Weeks before DaimlerChrysler AG and supplier partners are to start work on prototypes at a $900 million multifactory complex, a smooth launch of the redesigned Jeep Wrangler is under threat by Toledo Jeep Assembly workers upset that skilled tradesmen from outside are filling jobs.
Kuka Group, of Germany, which will build bodies for two-door and four-door versions of the Wrangler, and vehicle-painter Haden International Group Inc., of Michigan, have filled about 90 of at least 110 skilled trades jobs at the complex, a top union official said.
But fewer than 40 of those jobs at the supplier factories were filled by Toledo Jeep workers - even though Jeep workers were promised preferential hiring under an agreement reached two years ago, said Dan Henneman, chairman of United Auto Workers Local 12's Jeep unit.
Meanwhile, 25 skilled tradesmen at Toledo Jeep remain on layoff and 140 others will lose their jobs when Jeep Parkway shuts down next year, Mr. Henneman added.
Production on the revised Wrangler is slated to begin in July.
"So far, we've lost 56 opportunities for our skilled trades," Mr. Henneman told The Blade yesterday. "They're hiring them off of the street."
Jeep workers were to receive preferential hiring under an agreement Chrysler and Local 12 negotiated in 2003. The deal allows suppliers to do some Wrangler work in exchange for a $2.1 billion expansion doubling the number of vehicles made in Toledo to four.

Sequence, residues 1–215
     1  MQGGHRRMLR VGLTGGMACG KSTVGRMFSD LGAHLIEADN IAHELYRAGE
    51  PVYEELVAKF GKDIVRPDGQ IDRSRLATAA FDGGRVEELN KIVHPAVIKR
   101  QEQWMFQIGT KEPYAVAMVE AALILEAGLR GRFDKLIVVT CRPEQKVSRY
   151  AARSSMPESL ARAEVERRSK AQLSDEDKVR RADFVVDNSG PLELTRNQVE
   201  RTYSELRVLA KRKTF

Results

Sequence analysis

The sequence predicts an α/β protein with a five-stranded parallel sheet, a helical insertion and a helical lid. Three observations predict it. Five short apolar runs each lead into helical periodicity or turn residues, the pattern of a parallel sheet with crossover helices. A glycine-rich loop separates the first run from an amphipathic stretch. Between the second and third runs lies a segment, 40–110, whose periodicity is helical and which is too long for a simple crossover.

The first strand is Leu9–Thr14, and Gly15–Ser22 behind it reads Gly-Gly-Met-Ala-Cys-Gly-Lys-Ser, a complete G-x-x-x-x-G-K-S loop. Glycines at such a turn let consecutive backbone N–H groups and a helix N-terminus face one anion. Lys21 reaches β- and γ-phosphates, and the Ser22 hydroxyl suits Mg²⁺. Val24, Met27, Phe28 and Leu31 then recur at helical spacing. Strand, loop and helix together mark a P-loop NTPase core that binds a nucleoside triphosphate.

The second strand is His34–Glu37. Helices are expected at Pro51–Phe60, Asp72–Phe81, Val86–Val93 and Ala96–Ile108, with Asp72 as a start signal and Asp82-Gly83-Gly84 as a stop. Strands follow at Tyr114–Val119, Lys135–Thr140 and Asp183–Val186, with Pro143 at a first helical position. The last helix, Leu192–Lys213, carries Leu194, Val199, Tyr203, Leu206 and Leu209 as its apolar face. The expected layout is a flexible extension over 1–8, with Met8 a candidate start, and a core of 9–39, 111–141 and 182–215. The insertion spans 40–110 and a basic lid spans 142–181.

That agreement spawned the $900 million complex nearing completion off Stickney Avenue. Part will be owned by Kuka, Haden, and South Korean chassis supplier Hyundai Mobis.
Said Bruce Baumhower, Local 12's president, "The suppliers need to understand the only reason those buildings are going up is because of the efforts of the Jeep workers."
Union and Chrysler officials are discussing the hiring issue, which the Jeep committee has worked on for months, the Local 12 officials said.
"It absolutely has to be resolved if there's any hope of having a successful launch," Mr. Baumhower said.
Chrysler spokesman Ed Saenz declined to comment yesterday.
Mr. Henneman said about 20 skilled trades jobs at Haden have been filled from outside because Chrysler did not give workers with 28 years seniority pre-retirement leaves or address recall issues.
After those issues were worked out for eligible skilled tradesmen, Kuka officials said the workers were not sufficiently qualified, he added.
Larry Drake, president and chief executive of Kuka Flexible Production Systems Inc., the group's Sterling Heights, Mich., arm, could not be reached for comment yesterday.
Mr. Henneman contended that both Kuka and Haden are not following seniority rules and are saying some workers are unqualified as they interview Toledo Jeep workers for new production jobs.
The two factories will have more than 200 production jobs, and 210 production workers with at least 30 years of seniority are interested, he has said.
The complex is slated to begin building Wrangler prototypes in February, with production of the four-door version starting in July.
A dissident group called Union Members for a Better Jeep circulated a flyer at Toledo Jeep yesterday protesting hiring practices at Haden and Kuka.
It plans to hold a rally but a date hasn't been set, a member said yesterday.
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